The CAH Fellows Program supports research and creative work in the arts and humanities by faculty and students. Each year a cohort of faculty and student fellows pursue projects funded by the CAH, develop collaborative programming based on those projects, and join each other in community-building both on and off campus.
Call for Fellows 2022-23
We are pleased to announce our call for fellows for 2022-23.
The Center for the Arts & Humanities awards several fellowships annually–for faculty and for students–working in the arts and/or humanities on scholarly, creative projects. The term for these fellowships is Fall through Spring quarters.
We encourage proposals aligned with our 2022-23 theme of Memory and Movement/s, although such alignment is not necessary. Applications are due via this Google form for faculty, or this Google form for students, both by April 14, 2022. Criteria for evaluation are listed on the Google form.
We are pleased to announce our 2021-2022 cohort of CAH Faculty Fellows.
Chris Bacon (Environmental Studies and Sciences), “Framing Food Justice: Diverse Perspectives towards Building Back Post-COVID Food Systems with Equity and Resilience.”
This project engages narrative to address the role of regional food production and expanding food justice networking to scale up urban agriculture. During the fellowship period, the plan is to conduct and analyze interviews with diverse participants in a food justice collaborative that aims to use agroecology, action-research, and strategic planning to expand resilient and equitable food systems in Santa Clara County. To learn more about Professor Bacon and his fellow's project, read the Q&A with him at his profile.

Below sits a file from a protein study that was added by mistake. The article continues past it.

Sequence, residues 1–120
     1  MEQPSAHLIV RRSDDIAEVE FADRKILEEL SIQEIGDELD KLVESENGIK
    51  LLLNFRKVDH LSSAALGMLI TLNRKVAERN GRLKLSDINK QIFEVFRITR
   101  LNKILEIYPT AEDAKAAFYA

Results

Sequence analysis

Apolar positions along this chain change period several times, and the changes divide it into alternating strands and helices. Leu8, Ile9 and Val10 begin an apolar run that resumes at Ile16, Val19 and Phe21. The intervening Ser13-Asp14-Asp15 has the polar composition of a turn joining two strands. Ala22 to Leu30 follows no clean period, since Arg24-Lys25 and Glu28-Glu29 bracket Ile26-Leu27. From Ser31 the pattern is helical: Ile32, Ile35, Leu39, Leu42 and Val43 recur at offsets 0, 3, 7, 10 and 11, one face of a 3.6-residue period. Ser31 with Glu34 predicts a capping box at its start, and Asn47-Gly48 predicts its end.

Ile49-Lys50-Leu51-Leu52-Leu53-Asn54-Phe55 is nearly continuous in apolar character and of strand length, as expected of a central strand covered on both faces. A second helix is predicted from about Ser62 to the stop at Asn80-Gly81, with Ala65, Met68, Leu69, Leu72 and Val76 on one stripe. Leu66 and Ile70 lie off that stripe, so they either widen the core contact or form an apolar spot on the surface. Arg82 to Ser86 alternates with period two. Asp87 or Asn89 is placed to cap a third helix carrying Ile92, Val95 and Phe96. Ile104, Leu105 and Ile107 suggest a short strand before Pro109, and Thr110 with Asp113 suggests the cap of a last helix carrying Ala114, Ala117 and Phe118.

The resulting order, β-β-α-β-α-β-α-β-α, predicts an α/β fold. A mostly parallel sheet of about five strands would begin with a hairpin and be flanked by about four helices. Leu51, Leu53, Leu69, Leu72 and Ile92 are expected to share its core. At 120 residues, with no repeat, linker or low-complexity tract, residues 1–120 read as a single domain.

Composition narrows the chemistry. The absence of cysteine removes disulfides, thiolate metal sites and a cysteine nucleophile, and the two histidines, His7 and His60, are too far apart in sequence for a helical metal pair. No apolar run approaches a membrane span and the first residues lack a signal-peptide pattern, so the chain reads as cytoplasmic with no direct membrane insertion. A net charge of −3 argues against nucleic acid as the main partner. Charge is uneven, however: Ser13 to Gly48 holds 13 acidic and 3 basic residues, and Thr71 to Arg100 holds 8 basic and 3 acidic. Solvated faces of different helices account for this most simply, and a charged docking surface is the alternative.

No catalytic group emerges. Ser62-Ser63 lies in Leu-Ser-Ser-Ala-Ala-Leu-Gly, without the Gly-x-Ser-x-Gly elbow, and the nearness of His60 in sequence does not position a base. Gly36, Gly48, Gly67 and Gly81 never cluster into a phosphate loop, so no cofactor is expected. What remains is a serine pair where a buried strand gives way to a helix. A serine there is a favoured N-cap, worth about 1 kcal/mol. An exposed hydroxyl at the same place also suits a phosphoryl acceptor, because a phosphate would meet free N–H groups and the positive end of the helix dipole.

Sonia Gomez (History), “A Gendered Diaspora: Intimacy and Empire in the Making of Japanese America, 1908-1952.”
This book project explores the complicated and changing race and gender logics that alternately excluded and included Japanese women in the United States. It demonstrates how intimacy (marriage) and empire (immigration policies) intersect in the making of Japanese America in the Twentieth Century, and discusses how marriage -- as a contested mode of immigrant incorporation -- shaped the process of immigration and settlement for women and their families. To learn more about Professor Gomez and her fellow's project, read the Q&A with her at her profile.
Maggie Levantovskaya (English), “Writing Illness and Disability.”
This project creates and examines narratives about people who are living with chronic illness and disabilities, but who are under-funded, under-researched and under-represented in mainstream media. It focuses on the ethical, social, and aesthetic issues of representing these voices, focusing in particular on lupus patients but also situating their stories in a broader discussion about women and nonbinary individuals and chronic illness, disability activism, and the field of Disability Studies. To learn more about Professor Levantovskaya and her fellow's project, read the Q&A with her at her profile.
Juan Velasco (English), “A Film Treatment/Screenplay Based on Salaria Kea’s Biography.”
This project will tell the story of Salaria Kea, an African American woman -- and the only African American nurse -- who served in the fight against fascism during the Spanish Civil War (1936-1939). Kea joined the Abraham Lincoln Brigade, the first truly integrated American fighting force in military history, composed of volunteer anti-fascist soldiers, technicians, medical personnel, and others. This screenplay about Salaria Kea will allow for a recounting of not only her story but also the contributions of other women and African-American men who risked their lives to serve in Spain. By sharing the screenplay with national and international scholars and organizations, the hope is that the screenplay will attract the interest of funders, film producers, and filmmakers. To learn more about Professor Velasco and his fellow's project, read the Q&A with him at his profile.
An exciting part of these projects is how they will engage with student, faculty, and community partners. Stay tuned for more details about these collaborations.
We are pleased to announce our 2021-2022 cohort of CAH Student Fellows.
Frances Bertotti-Metoyer ’22 (Music, History, and Ethnic Studies) and Sophia Flores ’22 (Music, Physics, and Ethnic Studies) for “Songs of Conservation” (advised by Bruno Ruviaro, Music)